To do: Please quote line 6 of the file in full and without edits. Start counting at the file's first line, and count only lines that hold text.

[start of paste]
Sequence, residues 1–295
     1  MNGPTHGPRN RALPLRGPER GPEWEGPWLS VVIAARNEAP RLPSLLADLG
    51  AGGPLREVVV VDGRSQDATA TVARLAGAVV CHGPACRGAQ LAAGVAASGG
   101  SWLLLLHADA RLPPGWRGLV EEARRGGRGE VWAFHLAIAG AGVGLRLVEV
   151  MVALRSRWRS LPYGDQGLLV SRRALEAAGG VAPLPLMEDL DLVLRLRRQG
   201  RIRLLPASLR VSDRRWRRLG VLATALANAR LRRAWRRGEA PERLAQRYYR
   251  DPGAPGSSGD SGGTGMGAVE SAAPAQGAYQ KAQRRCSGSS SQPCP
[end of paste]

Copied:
   201  RIRLLPASLR VSDRRWRRLG VLATALANAR LRRAWRRGEA PERLAQRYYR